By Alexander Nemtsov
What is meant by correct development of programming systems? What is right? Be it a primitive “piece of cake” or an exotic product using modern RUP, XP, UML, or something still more sophisticated, when can we praise the development as correct and what are the criteria?
The leading question in the title is somewhat similar to a widely discussed holy war of Delphi’s superiority over C++ or vice versa. Quite a number of folks will ignore it and try to prove that all this sophistication is nothing but a bubble in comparison to Visual Basic, the best programming language of everything ever written with a skillful pen of a man. You know, it is so simple without any classes or something odd used to work with a strange, almost swear word UML.
Let such advocates stick to their point. It is a highly thankless task to argue a person out of their opinion. It is not our mission as well to explain which tools help create programs. We will focus on how programs are created, that is, highlight the process in question.
Fancy that! John Doe, a creative programmer, appears at work by noon but presses his computer buttons with great enthusiasm till 3 a.m. When John is in a great mood, he can develop a very sophisticated algorithm, a real thing to boast about. Being out of spirits or humor, he just plays Quake or chats with his buddies. In his free time or even hiding from all-seeing eyes of the boss John sometimes tailors small applications, say in Java/C#/Delphi (you can choose any you like and tick it). The applications are supposed to automate routine work in the accounting department where his girlfriend/grandma/friend works (go on ticking the variant you like). Avoiding any novelties and any help of testers or analysts – the latter will want to be paid, won’t they? – John gets a decent fee, which can be spent on beer with friends, and is absolutely happy about his life in spite of the crisis and all that stuff. Do you think such an approach without a line of official documentation or a UML diagram in Rational Rose or Visio,etc. is a correct way of developing programs? I believe it is, and I am going to argue it. Just go on reading. We will be back soon.
Let’s start thinking in terms of the development goal. It might be a bit unclear, but it always exists. In the case of John he did his work meaning to create a necessary product and get a deserved fee. If the fee is paid, the goal has been achieved successfully. The fee can be not only the money but also some useful experience, one’s friends’ praise, self-satisfaction with one’s wide intelligence and what not. However, the end user does not have a slightest interest in the inside of the product or the development itself. Nor are they going to distinguish between Delphi and Java. The program should work fast enough, take up modest resources and be worth the money paid. And the last but not the least – to perform all the desired functions. In such a case John will get his money.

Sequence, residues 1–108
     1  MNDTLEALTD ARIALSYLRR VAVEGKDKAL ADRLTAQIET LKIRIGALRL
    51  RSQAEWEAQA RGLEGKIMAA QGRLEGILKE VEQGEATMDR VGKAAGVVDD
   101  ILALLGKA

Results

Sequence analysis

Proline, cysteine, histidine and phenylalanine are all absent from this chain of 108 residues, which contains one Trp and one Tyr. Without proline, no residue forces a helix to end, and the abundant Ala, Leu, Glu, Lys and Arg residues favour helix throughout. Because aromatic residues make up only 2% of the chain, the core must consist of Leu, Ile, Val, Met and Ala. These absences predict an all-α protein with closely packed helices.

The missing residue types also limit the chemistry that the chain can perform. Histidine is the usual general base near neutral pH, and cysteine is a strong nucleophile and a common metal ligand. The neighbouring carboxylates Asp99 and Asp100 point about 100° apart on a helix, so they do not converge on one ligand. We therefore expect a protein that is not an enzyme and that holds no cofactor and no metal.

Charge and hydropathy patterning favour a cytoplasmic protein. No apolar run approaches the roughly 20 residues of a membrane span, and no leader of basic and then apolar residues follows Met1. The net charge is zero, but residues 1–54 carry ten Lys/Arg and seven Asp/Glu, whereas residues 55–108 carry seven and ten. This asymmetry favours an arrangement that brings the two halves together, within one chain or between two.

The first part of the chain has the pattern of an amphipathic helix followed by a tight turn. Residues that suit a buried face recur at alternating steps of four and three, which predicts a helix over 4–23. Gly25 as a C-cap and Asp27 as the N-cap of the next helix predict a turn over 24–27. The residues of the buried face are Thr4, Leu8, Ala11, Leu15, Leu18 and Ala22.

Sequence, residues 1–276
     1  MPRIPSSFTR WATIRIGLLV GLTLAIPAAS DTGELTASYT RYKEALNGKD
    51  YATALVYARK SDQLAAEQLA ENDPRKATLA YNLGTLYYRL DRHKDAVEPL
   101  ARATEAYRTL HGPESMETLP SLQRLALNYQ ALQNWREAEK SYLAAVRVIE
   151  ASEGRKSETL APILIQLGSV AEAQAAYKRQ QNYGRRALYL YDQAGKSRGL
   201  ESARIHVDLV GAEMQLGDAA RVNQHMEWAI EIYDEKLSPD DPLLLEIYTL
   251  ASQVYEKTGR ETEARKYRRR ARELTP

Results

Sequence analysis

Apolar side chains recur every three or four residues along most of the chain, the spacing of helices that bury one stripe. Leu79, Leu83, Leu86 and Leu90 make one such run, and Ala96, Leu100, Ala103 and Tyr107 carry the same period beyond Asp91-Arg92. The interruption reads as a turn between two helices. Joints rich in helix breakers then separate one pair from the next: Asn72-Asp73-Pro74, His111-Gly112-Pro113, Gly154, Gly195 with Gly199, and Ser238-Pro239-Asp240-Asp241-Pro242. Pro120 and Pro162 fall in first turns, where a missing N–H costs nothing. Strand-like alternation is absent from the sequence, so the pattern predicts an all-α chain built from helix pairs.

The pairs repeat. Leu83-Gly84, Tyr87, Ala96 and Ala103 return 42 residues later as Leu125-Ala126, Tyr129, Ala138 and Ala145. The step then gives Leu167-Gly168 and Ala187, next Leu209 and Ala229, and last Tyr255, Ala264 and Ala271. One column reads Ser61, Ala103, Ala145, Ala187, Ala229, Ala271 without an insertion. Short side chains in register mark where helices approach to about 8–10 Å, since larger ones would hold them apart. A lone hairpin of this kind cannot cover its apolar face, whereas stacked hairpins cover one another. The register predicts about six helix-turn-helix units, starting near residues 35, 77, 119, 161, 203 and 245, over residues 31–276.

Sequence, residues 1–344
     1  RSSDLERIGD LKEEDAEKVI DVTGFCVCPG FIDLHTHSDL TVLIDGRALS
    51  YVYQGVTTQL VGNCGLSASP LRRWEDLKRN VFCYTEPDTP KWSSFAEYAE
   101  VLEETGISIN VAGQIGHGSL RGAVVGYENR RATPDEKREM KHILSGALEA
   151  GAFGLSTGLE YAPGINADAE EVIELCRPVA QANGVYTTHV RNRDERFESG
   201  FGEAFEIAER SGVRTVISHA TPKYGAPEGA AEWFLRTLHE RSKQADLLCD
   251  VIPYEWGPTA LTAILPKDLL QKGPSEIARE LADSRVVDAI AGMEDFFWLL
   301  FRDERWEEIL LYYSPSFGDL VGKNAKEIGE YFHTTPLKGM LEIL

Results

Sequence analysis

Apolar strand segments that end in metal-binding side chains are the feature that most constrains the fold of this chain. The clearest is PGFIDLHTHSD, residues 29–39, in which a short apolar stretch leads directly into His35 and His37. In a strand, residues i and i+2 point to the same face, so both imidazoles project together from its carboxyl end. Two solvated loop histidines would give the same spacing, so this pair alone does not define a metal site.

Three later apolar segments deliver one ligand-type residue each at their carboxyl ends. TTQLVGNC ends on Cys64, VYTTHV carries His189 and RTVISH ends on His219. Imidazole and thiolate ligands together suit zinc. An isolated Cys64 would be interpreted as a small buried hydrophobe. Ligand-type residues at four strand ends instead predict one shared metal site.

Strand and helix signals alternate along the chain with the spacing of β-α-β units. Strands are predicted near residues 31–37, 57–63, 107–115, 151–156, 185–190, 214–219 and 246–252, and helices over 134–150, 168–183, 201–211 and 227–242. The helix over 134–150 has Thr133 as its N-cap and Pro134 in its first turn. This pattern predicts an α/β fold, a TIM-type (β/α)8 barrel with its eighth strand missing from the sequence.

So, John aims at getting an adequate fee enough to, say, visit a pub/restaurant/bowling/Hawaii in return for his efforts. (If you still tick variants, it is high time you went for a cleaning tissue and wiped your screen.) The fee is the indicator of good and correct work. If John does not receive any complaints or face angry customers, they can be thought of to be satisfied. So, John is on the right way.
Let’s now take a small developing company with 10-15 employees who write programs for small businesses trading goods, or furniture, or something else granted that Excel cannot cope with the amount of data to be analyzed. Should our company use object oriented programming, UML, RUP, MSF or anything else equally complicated? There is a trap here. We cannot be sure if a company needs such tools unless we consider the fee for the efforts. Suppose the customers’ needs are met. Then why invest additional money into expensive courses or buying new licensed products?
It is here when we come to the crucial question asked at the beginning – what is meant by correct software development? I guess now you are ready to answer. Correct development is the process helping the customer to get profit. The choice between waterfall or an iterative process as well as the degree of formalism and sticking to traditional processes is important only in terms of your client’s business.
The series of articles to follow will describe making a product for our needs called Sibers Meetings. You will see how the product grew from «we have a problem» phase to a «ready to use solution».
Sibers Meetings dates back to the moment Sibers expanded its power to a new city office. The office showed up with a number of problems the main being everyday communication. Using a traditional telephone soon became ineffective as public address equipment did not serve the purposes of project meetings. We realized a need in some environment for collective discussions on our customers’ projects. It became the basis for the product in question.
(to be continued)